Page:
Gov. Rick Perry of Texas joined the debate and garnered attention when he released a stern letter to President Obama recently. He wrote that the increase of unaccompanied children was one of the “consequences of having an unsecure border” which works as a “temptation”, luring the children, mostly from Honduras, El Salvador and Guatemala, to make the long, dangerous trek to the United States. Perry chided the President and called for the children to be immediately repatriated as a deterrent to others.

But the children we’ve been working with for over five years say they come because of grinding poverty, violent gang recruitment, orphan hood, and especially the desire to be reunited with their parents. These are the reasons why so many children are fleeing to the United States seeking asylum, a future, and their families.

This is a regional problem and requires a regional response including increased educational and development assistance in Central America and Mexico. But, we must also look at our own policies for causes of increased child migration and, hopefully, for solutions. As long as the U.S. continues its inhumane immigration policies dating from the early1990s – the last time immigration ‘reform’ occurred – the problem of unaccompanied migrant children flooding our borders will continue.

The central fact of our existing immigration policies is that they keep families separated. The Illegal Immigration Reform and Immigrant Responsibility Act, passed by the Congress in 1996 created the current problem. All at once it erected a major barrier for parents here illegally from ever seeing their young children again. The law established 3 and 10-year bans to re-entry to the United States for certain undocumented individuals. The risks of returning home, for parents who came to the U.S. to find work and send money back to Central America to support their kids, were too great. Well aware of the new policies, many of these parents have not seen their children since just after they were born.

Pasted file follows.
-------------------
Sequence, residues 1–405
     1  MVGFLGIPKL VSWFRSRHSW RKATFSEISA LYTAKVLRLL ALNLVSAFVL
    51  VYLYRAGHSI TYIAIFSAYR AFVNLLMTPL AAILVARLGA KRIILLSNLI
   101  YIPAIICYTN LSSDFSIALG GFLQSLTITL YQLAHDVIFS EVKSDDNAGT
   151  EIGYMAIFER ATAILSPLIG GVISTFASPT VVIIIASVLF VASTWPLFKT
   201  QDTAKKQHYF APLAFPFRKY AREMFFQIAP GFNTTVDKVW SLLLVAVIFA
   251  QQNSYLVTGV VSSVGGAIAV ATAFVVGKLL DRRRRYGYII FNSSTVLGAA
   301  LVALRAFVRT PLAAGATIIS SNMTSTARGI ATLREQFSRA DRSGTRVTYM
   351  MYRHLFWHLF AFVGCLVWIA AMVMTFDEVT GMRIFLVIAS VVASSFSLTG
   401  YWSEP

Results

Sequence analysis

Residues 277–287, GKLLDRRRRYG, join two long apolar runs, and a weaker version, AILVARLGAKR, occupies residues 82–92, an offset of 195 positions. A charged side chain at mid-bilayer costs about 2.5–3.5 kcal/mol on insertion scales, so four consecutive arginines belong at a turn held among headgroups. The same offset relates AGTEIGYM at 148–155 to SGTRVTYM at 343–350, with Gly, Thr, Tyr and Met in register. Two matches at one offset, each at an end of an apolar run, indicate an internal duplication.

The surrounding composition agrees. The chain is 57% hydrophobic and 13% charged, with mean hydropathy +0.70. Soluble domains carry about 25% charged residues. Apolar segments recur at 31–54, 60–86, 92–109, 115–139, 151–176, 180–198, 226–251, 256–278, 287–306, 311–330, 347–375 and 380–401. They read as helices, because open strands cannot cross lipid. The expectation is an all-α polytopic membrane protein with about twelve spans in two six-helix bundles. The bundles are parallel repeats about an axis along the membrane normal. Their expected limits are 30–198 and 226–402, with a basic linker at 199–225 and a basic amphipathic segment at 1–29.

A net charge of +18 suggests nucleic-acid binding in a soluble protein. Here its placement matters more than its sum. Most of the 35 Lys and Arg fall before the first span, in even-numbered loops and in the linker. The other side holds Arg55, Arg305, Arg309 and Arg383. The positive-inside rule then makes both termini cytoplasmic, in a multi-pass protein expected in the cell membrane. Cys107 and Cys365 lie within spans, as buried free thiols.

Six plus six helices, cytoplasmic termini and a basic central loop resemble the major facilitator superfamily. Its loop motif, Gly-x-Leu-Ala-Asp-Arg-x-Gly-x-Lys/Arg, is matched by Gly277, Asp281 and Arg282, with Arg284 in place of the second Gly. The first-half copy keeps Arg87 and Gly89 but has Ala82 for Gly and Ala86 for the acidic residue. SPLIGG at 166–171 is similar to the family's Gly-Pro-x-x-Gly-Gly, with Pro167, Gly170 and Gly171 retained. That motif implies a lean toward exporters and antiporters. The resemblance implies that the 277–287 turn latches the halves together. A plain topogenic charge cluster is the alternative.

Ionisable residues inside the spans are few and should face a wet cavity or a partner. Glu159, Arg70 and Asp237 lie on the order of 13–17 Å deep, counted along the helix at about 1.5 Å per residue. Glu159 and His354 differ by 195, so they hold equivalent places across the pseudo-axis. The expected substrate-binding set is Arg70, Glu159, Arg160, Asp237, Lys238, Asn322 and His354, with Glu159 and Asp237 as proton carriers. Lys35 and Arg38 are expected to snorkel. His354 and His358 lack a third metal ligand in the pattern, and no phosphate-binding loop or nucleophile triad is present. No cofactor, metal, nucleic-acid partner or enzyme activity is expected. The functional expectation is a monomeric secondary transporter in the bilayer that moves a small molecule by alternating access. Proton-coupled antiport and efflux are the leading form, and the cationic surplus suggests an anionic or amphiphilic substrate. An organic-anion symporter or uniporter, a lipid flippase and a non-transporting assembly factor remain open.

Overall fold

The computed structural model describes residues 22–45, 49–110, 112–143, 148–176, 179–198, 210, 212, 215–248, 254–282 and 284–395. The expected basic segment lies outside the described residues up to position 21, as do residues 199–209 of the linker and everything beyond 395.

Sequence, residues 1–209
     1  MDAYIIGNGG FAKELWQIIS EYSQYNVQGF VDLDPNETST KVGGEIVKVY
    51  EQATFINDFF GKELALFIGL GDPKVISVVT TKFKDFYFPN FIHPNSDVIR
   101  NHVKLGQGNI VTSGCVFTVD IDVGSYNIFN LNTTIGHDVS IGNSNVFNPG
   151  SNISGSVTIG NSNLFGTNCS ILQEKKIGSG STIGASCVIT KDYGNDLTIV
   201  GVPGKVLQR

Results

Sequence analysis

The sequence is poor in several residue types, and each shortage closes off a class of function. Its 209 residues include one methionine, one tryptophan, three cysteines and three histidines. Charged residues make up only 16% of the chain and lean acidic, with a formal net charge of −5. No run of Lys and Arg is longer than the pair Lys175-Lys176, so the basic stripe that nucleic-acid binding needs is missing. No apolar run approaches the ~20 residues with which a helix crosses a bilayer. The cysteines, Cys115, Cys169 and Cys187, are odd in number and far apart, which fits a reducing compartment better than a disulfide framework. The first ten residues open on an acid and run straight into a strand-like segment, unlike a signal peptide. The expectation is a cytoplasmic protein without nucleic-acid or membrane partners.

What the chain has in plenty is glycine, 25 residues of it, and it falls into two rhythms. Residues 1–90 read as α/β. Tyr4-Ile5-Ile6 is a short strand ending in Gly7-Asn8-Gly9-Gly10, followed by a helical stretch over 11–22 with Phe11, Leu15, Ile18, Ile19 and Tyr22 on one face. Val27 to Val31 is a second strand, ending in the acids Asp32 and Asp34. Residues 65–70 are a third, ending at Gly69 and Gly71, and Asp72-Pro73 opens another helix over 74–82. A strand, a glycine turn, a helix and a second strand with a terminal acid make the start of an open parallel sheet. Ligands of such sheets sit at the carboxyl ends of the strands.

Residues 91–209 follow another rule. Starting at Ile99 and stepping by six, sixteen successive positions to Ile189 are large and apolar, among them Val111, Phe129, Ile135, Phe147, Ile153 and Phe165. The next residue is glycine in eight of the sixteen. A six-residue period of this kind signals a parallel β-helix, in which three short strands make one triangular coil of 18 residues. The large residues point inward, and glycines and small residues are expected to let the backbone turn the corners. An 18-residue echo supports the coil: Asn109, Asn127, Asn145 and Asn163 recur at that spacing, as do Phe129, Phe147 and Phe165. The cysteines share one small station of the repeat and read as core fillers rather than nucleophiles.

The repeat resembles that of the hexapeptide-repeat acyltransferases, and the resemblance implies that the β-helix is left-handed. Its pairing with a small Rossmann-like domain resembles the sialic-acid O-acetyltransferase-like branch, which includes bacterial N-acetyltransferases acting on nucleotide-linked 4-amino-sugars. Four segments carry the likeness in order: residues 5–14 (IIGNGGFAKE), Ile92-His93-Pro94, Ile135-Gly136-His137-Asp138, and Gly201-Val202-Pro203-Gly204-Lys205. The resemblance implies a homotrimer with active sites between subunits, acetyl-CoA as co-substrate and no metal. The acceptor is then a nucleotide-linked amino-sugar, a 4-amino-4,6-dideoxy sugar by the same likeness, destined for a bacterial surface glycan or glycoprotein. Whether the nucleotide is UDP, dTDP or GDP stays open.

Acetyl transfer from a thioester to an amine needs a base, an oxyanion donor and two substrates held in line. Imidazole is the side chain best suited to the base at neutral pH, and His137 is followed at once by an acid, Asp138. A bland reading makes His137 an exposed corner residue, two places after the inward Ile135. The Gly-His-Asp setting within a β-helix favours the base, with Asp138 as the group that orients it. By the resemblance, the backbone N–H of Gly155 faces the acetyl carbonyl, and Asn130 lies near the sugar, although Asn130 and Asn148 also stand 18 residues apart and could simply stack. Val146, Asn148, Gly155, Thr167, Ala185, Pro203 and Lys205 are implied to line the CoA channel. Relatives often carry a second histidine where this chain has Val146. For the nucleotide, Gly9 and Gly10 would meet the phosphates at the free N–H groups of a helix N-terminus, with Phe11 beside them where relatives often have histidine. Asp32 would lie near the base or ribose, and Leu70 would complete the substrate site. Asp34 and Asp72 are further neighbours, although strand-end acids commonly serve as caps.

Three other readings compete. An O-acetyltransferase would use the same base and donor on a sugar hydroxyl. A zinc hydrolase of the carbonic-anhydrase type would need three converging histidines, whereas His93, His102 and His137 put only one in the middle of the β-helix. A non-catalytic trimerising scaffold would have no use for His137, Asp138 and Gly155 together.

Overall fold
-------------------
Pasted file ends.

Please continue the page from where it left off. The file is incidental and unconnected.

Other half-measures from that period, including the Immigration Act of 1990 and the Nicaraguan Adjustment and Central American Relief Act of 1997, served only to create more uncertainty for many undocumented parents from Central Americans by establishing only piecemeal immigration benefits that did not extend to their children back home. Simultaneously, enforcement along the U.S. border was stiffened, making it harder to leave and return.

Most of the unaccompanied migrant children who have made the dangerous trip over thousands of miles to the U.S. say they came to be with one or both of their parents. The average age of the children coming from Central America and turning up in Texas and Arizona is fifteen years old. Is it a coincidence that the punitive ban on re-entry to the United States for undocumented parents was put in place exactly fifteen years ago in 1997?

It is hard for children who live separated from their parents for nearly their entire lives. Our current policies provide no opportunity for the children of the undocumented – and those possessing only temporary legal status – to ever visit their parents in the United States, much less reunite. Since our policies fail to provide a way, the children, unsurprisingly, are taking matters into their own hands.

Congress bears the largest measure of responsibility for the current surge in unaccompanied migrant children. Until real immigration reform is enacted, founded upon the principle of family reunification, we will see more of it. For years now these parents in our country, who have been sending money back home to support their kids, await real immigration reform to occur so that they may come forward and show that they are upstanding members of the community. Without true immigration reform, they will continue to wait, separated from their children, in the shadows and their children will risk their lives to join them.

Lavinia Limon is President and CEO of the U.S. Committee on Refugees and Immigrants